Biden shakes MbS' hand at G20 a year after awkward fist bump moment
Biden warmly greeted Saudi Arabia's de facto leader, Mohammed bin Salman, after they appeared together along with several other leaders at the Group of 20 summit Saturday in New Delhi. The leaders had gathered to announce an ambitious plan to build a rail and shipping corridor linking India with the Middle East and Europe.
Biden smiled and shook hands with the crown prince, who is often referred to by his initials MBS, as the announcement wrapped up. This year's G20 host, Indian Prime Minister Narendra Modi, quickly draped his own hand over their hands.
The cordial greeting was a sharp contrast to the last time Biden and the crown prince met, just over a year ago, in Jeddah, Saudi Arabia. During that encounter, Biden awkwardly greeted the crown prince with a fist bump, a moment roundly criticized by human rights activists, who were already upset at Biden's decision to meet with the Saudi leader.
First handshake between Biden and MBS? I think they fist bumped previously. Modi gestures to MBS who extends his hand and Biden shakes it. pic.twitter.com/YyaRIsKI7E— Anang Mittal अनंग मित्तल (@anangbhai) September 9, 2023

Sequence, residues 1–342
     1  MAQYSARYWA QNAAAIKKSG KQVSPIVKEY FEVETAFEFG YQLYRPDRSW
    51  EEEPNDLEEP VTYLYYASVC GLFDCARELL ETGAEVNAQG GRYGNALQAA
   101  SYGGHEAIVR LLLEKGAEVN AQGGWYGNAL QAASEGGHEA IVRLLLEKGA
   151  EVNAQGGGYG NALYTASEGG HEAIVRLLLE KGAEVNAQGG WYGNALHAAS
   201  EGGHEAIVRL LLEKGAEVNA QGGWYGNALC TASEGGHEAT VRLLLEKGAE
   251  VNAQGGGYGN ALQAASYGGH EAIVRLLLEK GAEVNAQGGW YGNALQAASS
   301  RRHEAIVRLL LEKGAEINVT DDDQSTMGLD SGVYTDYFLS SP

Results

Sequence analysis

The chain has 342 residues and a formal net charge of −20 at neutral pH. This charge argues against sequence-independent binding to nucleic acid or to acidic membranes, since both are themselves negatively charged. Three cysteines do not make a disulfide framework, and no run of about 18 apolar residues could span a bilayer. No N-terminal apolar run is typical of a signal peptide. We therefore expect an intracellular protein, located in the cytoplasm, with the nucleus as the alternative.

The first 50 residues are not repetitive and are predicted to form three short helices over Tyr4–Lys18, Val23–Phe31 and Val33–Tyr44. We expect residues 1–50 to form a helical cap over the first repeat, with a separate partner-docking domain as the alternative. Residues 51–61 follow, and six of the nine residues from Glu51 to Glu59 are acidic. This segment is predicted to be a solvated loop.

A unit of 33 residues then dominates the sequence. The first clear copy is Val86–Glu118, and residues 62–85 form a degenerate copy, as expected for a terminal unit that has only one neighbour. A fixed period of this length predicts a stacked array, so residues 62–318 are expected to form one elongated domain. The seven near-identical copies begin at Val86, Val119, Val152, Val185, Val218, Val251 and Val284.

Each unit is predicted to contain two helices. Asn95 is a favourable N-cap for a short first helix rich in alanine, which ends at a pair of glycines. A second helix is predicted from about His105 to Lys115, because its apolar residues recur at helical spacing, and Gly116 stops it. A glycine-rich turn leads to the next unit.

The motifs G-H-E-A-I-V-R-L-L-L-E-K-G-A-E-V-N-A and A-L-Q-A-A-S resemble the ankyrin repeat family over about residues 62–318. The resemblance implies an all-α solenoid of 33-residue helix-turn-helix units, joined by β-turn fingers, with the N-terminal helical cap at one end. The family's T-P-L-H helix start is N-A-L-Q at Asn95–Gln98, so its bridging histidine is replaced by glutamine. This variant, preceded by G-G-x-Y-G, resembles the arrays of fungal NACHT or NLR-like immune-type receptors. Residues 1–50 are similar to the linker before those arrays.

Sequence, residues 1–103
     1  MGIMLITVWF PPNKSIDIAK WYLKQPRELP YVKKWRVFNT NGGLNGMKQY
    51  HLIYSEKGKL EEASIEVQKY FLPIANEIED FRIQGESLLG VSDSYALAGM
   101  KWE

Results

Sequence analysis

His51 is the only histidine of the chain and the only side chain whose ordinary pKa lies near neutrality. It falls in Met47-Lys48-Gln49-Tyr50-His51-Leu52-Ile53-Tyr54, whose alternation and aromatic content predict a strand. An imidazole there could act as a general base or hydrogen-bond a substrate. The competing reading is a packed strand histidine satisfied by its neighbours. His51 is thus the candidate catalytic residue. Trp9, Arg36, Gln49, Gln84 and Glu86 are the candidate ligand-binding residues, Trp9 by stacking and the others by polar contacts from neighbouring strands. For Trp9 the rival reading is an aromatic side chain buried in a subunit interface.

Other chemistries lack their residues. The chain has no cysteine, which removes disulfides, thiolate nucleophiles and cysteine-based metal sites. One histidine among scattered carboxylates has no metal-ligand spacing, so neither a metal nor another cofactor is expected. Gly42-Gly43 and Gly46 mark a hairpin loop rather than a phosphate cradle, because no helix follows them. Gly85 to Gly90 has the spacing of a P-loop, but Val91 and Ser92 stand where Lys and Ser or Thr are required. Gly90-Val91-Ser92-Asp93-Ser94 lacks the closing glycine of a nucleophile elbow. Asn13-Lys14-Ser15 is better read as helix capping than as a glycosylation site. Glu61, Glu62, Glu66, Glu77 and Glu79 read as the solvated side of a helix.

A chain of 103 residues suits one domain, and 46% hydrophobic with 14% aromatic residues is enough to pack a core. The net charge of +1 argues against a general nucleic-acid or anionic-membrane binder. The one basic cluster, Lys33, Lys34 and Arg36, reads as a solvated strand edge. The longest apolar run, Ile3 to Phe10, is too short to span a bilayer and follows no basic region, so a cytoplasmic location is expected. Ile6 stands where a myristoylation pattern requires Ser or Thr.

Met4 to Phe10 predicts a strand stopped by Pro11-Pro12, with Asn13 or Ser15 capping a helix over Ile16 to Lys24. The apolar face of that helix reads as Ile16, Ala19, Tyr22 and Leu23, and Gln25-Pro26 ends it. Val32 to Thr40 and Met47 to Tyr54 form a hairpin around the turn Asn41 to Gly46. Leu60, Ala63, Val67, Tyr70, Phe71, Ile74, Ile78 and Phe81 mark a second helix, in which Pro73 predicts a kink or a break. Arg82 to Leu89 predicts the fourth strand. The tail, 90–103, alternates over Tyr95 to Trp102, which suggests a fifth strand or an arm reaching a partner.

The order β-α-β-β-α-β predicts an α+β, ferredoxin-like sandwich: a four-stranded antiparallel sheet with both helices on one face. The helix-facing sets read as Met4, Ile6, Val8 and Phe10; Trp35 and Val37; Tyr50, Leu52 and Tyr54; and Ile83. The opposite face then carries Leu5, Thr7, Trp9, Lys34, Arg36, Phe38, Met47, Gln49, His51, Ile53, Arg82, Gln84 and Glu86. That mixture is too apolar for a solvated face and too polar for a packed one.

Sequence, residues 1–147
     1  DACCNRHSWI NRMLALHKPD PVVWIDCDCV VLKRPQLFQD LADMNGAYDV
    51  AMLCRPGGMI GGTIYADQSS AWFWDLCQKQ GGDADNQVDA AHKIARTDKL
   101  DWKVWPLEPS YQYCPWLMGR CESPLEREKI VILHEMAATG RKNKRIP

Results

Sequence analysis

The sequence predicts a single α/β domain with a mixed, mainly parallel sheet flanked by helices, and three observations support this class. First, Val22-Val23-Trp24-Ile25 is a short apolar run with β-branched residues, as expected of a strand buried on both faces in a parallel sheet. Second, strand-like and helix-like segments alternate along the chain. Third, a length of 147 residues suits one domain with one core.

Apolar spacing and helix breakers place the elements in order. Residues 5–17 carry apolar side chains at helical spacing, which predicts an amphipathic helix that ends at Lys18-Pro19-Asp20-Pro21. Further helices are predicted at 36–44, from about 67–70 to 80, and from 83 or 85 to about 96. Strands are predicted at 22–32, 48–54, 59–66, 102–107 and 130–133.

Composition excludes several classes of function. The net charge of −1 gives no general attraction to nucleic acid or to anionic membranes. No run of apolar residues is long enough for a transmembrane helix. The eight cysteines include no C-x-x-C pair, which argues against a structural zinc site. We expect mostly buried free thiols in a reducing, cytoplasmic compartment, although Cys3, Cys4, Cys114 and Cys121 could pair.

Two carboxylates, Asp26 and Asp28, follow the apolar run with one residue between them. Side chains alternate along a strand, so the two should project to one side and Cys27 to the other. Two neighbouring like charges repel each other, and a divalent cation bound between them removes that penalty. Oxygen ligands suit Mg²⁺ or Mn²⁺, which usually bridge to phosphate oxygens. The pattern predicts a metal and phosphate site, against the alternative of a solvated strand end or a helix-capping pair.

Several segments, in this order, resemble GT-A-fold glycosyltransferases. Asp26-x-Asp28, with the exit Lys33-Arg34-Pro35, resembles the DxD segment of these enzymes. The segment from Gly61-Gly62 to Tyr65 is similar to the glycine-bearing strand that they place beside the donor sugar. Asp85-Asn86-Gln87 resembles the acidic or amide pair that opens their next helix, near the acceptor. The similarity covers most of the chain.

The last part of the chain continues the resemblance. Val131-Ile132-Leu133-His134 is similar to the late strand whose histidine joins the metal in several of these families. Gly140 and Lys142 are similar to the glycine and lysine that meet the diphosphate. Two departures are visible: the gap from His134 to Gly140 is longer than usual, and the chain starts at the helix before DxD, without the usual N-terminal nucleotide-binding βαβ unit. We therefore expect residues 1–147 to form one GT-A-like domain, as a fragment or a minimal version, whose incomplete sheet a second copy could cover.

MBS has been harshly criticized for his human rights violations. U.S. intelligence officials determined that the prince approved the 2018 murder of the U.S.-based writer Jamal Khashoggi, who was a tough critic of the kingdom's ruling family,
Fred Ryan, who was publisher of The Washington Post at the time of last year's Biden-Prince Mohammed meeting, said the fist bump “projected a level of intimacy and comfort that delivers to MBS the unwarranted redemption he has been desperately seeking.” Khashoggi was a contributor for the newspaper.
Biden refused to speak to Prince Mohammed at the start of his administration. As a presidential candidate in 2020, Biden said he wanted to make the Saudis “pay the price, and make them in fact the pariah that they are.”
But concerns about human rights eventually were eclipsed by other factors, including Iran’s nuclear ambitions, the volatile oil market after Russia's invasion of Ukraine, and recognition by the Biden administration that the crown prince will likely be an important voice of one of the Middle East's most important countries for years to come.